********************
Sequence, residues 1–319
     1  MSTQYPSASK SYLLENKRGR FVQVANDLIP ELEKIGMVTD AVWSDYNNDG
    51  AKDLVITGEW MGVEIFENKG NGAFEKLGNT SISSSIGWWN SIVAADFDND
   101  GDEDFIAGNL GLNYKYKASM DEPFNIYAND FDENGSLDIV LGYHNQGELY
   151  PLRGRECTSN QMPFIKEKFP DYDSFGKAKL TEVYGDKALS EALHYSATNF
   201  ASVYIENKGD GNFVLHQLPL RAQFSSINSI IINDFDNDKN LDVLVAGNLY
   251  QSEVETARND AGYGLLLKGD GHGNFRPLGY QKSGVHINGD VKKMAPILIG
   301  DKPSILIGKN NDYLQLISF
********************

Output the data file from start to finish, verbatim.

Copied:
Sequence, residues 1–319
     1  MSTQYPSASK SYLLENKRGR FVQVANDLIP ELEKIGMVTD AVWSDYNNDG
    51  AKDLVITGEW MGVEIFENKG NGAFEKLGNT SISSSIGWWN SIVAADFDND
   101  GDEDFIAGNL GLNYKYKASM DEPFNIYAND FDENGSLDIV LGYHNQGELY
   151  PLRGRECTSN QMPFIKEKFP DYDSFGKAKL TEVYGDKALS EALHYSATNF
   201  ASVYIENKGD GNFVLHQLPL RAQFSSINSI IINDFDNDKN LDVLVAGNLY
   251  QSEVETARND AGYGLLLKGD GHGNFRPLGY QKSGVHINGD VKKMAPILIG
   301  DKPSILIGKN NDYLQLISF